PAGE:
Any week that starts with me having to rip the top off my PC is not going to go smoothly, but, nevertheless, have great fun with a new video card, Motion Picture from Advanced Technologies Manufacturing Ltd. This is a UK company who's previously done stuff for Acorn computers in the educational sector - don't get me started on Acorn - but is now branching out to Windows, PCs and other, more common markets. To my great delight, the card is simple to install, takes no time to configure and works just like that. Software's fine, and the price is particularly good - £49. It's always a pleasure to find a good product that just does what it claims, even if the process of installing it means I drop a screw in the middle of my PC and have to spend half an hour shaking the darn thing about like a cocktail before the reticent fragment of metal drops to the carpet. Can't really blame that on the card, but nevertheless impress co-workers with wide knowledge of foreign swearwords.
I've brought in my ancient Sony camcorder to provide a video source for testing, and discover an old home movie of Amsterdam. Spend a pleasant half-hour setting up a screenshot for the article, whizzing backward and forward through some very dodgy stuff indeed. Am informed by Production (the unsung heroes of PC Magazine, who actually take everything and produce, as if by magic, a real publication) that Circulation do not feel that sales will increase if we are moved to the top shelves at WH Smith's. Reluctantly choose tasteful images of statue and modern art museum for screenshot.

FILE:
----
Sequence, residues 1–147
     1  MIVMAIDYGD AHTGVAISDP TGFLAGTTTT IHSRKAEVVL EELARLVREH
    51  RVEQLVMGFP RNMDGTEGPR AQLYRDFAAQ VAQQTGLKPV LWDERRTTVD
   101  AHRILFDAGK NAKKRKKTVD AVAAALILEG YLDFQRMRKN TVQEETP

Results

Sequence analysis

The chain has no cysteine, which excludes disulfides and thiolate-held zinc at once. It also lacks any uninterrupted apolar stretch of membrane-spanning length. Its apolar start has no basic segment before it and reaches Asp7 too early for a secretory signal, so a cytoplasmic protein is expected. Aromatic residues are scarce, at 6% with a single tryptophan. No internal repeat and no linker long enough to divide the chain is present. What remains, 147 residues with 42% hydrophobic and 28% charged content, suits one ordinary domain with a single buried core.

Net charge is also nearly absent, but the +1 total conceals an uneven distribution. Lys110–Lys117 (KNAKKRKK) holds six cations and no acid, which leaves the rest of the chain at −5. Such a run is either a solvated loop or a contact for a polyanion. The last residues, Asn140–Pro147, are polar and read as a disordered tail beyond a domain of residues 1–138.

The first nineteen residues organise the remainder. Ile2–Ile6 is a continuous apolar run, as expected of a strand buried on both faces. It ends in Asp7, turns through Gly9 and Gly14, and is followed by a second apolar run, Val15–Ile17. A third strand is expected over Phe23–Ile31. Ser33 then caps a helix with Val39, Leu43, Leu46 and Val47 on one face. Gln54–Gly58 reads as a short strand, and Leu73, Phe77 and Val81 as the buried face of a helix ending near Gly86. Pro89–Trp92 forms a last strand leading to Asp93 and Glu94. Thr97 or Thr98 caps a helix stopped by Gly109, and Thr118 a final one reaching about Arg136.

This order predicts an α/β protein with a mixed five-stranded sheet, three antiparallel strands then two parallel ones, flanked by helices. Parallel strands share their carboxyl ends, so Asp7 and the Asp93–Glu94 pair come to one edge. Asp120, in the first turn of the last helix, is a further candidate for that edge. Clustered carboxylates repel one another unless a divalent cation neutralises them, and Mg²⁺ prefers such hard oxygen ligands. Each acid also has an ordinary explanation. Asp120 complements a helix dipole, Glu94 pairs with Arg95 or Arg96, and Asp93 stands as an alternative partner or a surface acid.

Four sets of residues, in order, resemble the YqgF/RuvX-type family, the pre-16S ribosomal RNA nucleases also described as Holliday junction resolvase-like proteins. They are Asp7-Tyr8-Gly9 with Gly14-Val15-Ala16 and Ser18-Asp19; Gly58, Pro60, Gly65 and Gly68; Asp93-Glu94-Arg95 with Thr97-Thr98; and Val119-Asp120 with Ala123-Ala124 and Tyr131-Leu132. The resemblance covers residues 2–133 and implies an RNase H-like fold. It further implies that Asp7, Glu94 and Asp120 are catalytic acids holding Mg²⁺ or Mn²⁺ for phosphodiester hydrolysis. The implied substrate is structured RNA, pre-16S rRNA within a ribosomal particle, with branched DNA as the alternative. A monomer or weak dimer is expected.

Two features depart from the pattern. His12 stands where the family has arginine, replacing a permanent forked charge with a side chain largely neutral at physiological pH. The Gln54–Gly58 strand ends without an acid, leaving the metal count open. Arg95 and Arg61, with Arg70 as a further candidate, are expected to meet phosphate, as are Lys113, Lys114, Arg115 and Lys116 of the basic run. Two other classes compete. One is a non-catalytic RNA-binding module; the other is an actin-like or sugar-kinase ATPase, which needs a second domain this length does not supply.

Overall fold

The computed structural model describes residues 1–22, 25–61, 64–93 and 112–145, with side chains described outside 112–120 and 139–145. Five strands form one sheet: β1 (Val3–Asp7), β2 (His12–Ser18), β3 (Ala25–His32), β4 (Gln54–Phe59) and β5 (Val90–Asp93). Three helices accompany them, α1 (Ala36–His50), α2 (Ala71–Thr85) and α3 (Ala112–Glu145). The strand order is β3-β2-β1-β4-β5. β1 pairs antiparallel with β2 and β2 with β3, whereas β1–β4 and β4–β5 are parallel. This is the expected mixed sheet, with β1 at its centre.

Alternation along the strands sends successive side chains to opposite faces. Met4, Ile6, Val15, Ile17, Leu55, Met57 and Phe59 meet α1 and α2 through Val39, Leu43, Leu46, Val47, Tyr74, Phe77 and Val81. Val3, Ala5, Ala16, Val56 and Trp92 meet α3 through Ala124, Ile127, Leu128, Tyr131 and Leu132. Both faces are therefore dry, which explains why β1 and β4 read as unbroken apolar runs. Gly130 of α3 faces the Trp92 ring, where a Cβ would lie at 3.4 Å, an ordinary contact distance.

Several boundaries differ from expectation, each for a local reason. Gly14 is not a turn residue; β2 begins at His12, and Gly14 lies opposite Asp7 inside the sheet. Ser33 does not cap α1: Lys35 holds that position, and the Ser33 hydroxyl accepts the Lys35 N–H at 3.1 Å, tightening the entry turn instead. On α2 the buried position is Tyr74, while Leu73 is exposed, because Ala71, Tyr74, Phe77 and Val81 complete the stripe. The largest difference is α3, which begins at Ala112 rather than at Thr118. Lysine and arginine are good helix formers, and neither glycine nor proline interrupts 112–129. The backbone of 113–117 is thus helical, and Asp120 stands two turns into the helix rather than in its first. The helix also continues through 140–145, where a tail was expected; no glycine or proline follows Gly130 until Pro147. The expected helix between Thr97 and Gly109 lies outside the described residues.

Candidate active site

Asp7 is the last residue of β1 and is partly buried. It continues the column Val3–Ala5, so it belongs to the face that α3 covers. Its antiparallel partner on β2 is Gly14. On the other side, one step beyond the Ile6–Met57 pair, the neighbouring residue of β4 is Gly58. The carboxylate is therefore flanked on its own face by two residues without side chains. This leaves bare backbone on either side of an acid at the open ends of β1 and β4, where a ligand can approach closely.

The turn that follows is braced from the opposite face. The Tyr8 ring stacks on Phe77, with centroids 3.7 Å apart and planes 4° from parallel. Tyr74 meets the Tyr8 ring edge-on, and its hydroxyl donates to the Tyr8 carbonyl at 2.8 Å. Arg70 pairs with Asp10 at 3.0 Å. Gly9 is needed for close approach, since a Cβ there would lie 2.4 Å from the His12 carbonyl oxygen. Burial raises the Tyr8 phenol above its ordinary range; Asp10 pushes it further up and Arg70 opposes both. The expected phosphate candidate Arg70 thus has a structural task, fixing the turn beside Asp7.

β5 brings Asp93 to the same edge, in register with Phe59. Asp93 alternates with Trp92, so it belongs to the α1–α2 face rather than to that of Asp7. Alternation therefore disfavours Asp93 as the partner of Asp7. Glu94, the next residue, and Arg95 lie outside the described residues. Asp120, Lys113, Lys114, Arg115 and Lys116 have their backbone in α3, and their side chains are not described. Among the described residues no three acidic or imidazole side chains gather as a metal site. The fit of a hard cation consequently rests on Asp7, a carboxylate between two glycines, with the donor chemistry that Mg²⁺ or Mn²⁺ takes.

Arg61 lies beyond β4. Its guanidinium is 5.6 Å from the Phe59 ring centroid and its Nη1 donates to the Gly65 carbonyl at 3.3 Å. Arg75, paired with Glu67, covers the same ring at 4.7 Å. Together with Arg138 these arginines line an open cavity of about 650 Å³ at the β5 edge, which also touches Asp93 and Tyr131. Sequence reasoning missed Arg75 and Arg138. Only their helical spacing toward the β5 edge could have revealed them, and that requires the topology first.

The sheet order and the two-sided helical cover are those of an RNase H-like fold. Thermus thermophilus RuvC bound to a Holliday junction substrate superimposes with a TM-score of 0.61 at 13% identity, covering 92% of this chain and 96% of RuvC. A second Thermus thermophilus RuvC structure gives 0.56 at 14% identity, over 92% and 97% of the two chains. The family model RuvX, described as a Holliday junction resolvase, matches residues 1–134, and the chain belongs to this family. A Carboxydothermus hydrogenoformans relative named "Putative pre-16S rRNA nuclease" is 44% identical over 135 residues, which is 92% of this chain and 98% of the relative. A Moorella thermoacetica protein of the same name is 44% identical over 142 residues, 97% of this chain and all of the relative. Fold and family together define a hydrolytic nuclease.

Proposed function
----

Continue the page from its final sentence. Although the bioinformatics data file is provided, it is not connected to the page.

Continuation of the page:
Wireless LAN project steaming ahead. Find myself stuck in pages of Very Hard Mathematics, trying to work out whether to believe what various companies tell me about their products - what is the difference between Frequency Hopping and Direct Sequence Spread Spectrum transmission? Company experts curiously reticent about details, but the Web comes up with the goods. Soon discover huge amounts of industry politics concerning adoption of IEEE 802.11 wireless interworking standard, which makes the maths look like Janet And John. Now, I'm very fond of the technical stuff and find the politics of this business more boring than SQL databases, but - alas - the former are just as important when it comes to deciding what product is likely to be worth recommending. Console myself with a quick spin around a few Web pages discussing new satellite data broadcasting systems - it seems that by the end of the century there'll be hundreds of the little darlings up there giving us tons of bandwidth wherever we might go. Providing, of course, they can sort the politics out.
A busy day, very little of which is spent in the office. Microsoft has invited myself and Andrew Watts (PC Direct) to a lunch meeting to talk about NT version 4.0. We turn up to a room full of Microsofties, other journalists, PR women in red jackets (why they always want to look like Virgin stewardesses is a constant mystery) and some efficient flunkies who dole out the canapes and drinks with ferocious regularity. Talk soon descends to gossip about absent journalists, Microsoft's less pleasant marketing habits and what on earth the competition's up to - there's one techie Microsofty I keep plied with questions about architecture, network security and other esoterica. It turns out that this is the day that NT 4.0 Workstation and Server are both going to production - the thing's finished! So why, one wonders, will it not be available for another month (at least), and why is there no CD or list of server features in the distressingly thin press pack that's handed out? Decide to eat canapes and reserve judgement until final code in actual hands of actual journalists.